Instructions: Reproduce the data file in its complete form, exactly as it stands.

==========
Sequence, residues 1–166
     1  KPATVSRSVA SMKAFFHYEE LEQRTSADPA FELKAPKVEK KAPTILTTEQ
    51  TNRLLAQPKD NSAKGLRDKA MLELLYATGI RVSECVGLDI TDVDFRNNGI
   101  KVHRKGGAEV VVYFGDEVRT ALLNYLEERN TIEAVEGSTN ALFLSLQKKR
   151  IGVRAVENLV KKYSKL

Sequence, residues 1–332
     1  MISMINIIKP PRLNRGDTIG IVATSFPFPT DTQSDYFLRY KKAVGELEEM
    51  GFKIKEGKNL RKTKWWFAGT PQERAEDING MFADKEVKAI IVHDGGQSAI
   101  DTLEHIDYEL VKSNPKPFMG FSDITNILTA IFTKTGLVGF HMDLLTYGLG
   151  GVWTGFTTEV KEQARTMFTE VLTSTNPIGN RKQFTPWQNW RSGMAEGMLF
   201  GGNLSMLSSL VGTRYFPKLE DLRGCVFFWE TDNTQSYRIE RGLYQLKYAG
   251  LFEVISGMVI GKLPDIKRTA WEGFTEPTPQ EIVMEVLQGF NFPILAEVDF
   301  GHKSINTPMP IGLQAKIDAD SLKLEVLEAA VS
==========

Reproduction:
Sequence, residues 1–166
     1  KPATVSRSVA SMKAFFHYEE LEQRTSADPA FELKAPKVEK KAPTILTTEQ
    51  TNRLLAQPKD NSAKGLRDKA MLELLYATGI RVSECVGLDI TDVDFRNNGI
   101  KVHRKGGAEV VVYFGDEVRT ALLNYLEERN TIEAVEGSTN ALFLSLQKKR
   151  IGVRAVENLV KKYSKL

Sequence, residues 1–332
     1  MISMINIIKP PRLNRGDTIG IVATSFPFPT DTQSDYFLRY KKAVGELEEM
    51  GFKIKEGKNL RKTKWWFAGT PQERAEDING MFADKEVKAI IVHDGGQSAI
   101  DTLEHIDYEL VKSNPKPFMG FSDITNILTA IFTKTGLVGF HMDLLTYGLG
   151  GVWTGFTTEV KEQARTMFTE VLTSTNPIGN RKQFTPWQNW RSGMAEGMLF
   201  GGNLSMLSSL VGTRYFPKLE DLRGCVFFWE TDNTQSYRIE RGLYQLKYAG
   251  LFEVISGMVI GKLPDIKRTA WEGFTEPTPQ EIVMEVLQGF NFPILAEVDF
   301  GHKSINTPMP IGLQAKIDAD SLKLEVLEAA VS